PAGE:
A New York appellate court recently upheld a supreme court ruling that an insurer had a duty to defend a manufacturer’s faulty workmanship where it resulted in third party property damage. I.J. White Corp. v. Columbia Cas. Co., 2013 NY Slip Op 2500 (N.Y. App. Div. 1st Dep’t Apr. 16, 2013). In determining the insurer’s duty to defend, the court found an “occurrence” caused property damage to cakes resulting from the insured’s faulty freezer. Although this opinion likely carries little precedential value, it is instructive because it demonstrates the importance of framing the issue of damages where the insured seeks a defense for a cause of action based largely in a contract breach.
In the underlying case, the insured manufacturer, I.J. White, sold a spiral freezer system to cake producer and distributor, Hill Country Bakery, LLC. Hill Country integrated this system into their $21 million facility in order to quickly freeze freshly baked cakes moving through a conveyer belt before cutting them for distribution. But the system allegedly failed to sufficiently freeze the cakes quickly enough, resulting in product loss when Hill Country attempted to cut them. Hill Country sued I.J. White for breach of contract, seeking damages for the contract price, costs incurred to increase the freezer’s performance to contract specifications, and increased labor costs resulting from the freezer’s slow freezing time.
I.J. White sought defense and indemnity costs from Columbia Casualty under its CGL policy. Columbia Casualty disclaimed coverage, contending that the defective freezer did not constitute an accident giving rise to an “occurrence” under the policy, and because the underlying suit did not allege “property damage.”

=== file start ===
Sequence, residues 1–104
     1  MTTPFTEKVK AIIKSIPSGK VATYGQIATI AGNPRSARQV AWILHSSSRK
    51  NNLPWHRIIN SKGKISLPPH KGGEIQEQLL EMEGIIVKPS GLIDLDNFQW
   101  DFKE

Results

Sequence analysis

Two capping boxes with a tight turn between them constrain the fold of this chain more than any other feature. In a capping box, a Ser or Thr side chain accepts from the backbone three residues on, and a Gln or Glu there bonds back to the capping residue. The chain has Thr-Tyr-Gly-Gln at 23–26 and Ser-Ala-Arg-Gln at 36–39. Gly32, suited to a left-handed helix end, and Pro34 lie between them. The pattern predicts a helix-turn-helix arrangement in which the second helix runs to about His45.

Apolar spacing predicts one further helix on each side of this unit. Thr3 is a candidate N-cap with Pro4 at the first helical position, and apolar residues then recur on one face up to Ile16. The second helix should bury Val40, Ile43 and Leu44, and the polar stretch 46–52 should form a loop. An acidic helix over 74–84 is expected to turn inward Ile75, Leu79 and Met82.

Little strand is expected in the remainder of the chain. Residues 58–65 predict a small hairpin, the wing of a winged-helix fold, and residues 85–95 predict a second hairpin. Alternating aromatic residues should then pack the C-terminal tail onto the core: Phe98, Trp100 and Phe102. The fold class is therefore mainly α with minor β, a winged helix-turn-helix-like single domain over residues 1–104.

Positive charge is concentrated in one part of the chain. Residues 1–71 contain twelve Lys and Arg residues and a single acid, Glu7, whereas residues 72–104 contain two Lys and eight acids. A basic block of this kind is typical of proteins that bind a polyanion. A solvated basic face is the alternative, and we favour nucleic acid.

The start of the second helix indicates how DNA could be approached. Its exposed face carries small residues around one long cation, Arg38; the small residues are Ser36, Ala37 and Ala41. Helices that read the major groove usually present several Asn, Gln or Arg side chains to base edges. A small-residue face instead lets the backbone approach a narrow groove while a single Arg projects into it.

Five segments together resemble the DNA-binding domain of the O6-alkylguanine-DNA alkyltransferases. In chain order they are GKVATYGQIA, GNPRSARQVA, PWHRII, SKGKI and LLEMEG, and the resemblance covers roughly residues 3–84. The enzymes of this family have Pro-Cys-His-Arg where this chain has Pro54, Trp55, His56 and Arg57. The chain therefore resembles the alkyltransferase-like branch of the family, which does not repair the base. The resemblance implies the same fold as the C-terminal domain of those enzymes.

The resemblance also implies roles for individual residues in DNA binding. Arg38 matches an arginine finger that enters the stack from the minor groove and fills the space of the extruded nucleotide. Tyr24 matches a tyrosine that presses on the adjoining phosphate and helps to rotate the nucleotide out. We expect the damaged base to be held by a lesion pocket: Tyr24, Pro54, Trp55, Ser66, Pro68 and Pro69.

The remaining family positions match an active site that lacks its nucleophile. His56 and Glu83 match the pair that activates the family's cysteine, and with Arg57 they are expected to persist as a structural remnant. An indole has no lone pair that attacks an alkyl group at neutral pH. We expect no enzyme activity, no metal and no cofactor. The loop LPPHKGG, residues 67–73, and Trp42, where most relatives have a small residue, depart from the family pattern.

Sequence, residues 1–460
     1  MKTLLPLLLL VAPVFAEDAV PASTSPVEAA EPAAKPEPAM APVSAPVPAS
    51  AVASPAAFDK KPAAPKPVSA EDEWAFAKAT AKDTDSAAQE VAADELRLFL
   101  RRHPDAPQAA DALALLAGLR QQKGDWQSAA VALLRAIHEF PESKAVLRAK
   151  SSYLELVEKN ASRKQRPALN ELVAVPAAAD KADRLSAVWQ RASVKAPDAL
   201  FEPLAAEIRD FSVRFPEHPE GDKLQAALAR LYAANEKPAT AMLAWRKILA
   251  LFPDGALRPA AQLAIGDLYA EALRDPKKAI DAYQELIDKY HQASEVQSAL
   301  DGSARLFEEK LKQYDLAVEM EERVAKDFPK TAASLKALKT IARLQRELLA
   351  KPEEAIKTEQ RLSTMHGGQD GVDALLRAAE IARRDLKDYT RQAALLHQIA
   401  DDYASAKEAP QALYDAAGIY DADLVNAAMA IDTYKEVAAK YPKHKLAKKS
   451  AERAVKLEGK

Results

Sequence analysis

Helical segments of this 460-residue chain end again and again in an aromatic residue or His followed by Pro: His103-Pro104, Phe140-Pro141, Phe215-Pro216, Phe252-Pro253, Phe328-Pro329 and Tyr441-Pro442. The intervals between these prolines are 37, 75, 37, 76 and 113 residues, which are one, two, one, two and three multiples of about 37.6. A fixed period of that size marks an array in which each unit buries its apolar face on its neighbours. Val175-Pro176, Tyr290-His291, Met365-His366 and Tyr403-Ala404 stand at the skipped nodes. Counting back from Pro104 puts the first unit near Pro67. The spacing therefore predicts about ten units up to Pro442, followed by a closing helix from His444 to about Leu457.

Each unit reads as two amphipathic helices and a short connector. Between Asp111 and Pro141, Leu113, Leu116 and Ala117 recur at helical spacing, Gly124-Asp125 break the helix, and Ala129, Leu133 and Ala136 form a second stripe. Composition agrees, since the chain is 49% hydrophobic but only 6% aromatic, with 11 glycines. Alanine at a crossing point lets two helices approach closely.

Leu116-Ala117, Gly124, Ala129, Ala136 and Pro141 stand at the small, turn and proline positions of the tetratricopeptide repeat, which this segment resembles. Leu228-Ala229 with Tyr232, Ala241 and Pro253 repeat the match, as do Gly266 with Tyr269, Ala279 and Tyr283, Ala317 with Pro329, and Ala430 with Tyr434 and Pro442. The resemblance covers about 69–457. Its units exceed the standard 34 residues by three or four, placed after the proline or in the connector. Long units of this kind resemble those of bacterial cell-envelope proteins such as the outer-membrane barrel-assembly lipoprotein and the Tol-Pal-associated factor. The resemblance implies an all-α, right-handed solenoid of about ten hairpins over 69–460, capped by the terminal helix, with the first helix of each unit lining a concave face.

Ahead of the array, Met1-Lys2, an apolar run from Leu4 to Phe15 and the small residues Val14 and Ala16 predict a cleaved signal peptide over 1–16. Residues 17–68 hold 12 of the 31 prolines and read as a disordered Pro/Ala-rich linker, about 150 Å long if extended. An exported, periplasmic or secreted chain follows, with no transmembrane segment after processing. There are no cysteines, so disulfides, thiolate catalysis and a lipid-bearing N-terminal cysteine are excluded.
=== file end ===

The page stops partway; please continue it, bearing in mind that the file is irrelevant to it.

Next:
The supreme court disagreed and this appellate court upheld that determination. The I.J.White court noted that although CGL policies do not insure against faulty workmanship in the product itself, damage to third party property such as the freshly baked cakes is “precisely the kind [of damage] that plaintiff’s CGL policy contemplated, and therefore, the complaint properly alleges an ‘occurrence’ within the meaning of the policy.” The court also held that the policy covers Hill Country’s loss of use of the facility because it defines “property damage” as a “[l]oss of use of tangible property that is not physically injured,” though it did not address this issue in great detail.
Most courts considering whether faulty workmanship constitutes an “occurrence” have found that it does where it results in property damage to something other than the insured’s work product. Indeed, the court’s framing of this damages issue seemed determinative of the finding of an “occurrence,” and explains the difference between the majority and dissenting opinions. Whereas the majority presumed the defective freezer destroyed Hill Country’s cakes, the dissenting judges posited that the defective freezer simply delayed the freezing of the cakes since it performed slower than contractually promised but that no property damage resulted. The dissenting judges concluded that no “occurrence” existed because the complaint “sound[ed] in breach of contract, breach of implied and express warranty, and fraudulent inducement,” and that it sought damages only related to the contract breach rather than for a destroyed product.
The court did not address the “your work” or the “impaired property” exclusions, which often factor into coverage determinations in cases with similar facts and issues.
While policy holders may point to I.J. White Corp. v. Columbia Cas. Co. to argue for an expansive view of what constitutes an “occurrence,” New York courts considering these issues will likely look instead to George A. Fuller Co. v. U.S. Fid. & Guar. Co., 613 N.Y.S.2d 152, 155 (N.Y. App. Div. 1994) (considered by the court here) (holding that damage resulting from a contractor’s failure to properly supervise the installation of various parts of the building did not constitute an occurrence because the policy does not insure faulty workmanship to the work product itself) and Transp. Ins. Co. v. Aark Constr. Group, 526 F. Supp. 2d 350 (E.D.N.Y. 2007) (holding that repair costs and loss of use to a building resulting from construction failures did not constitute an “occurrence” given that only the property owner’s economic interests were affected).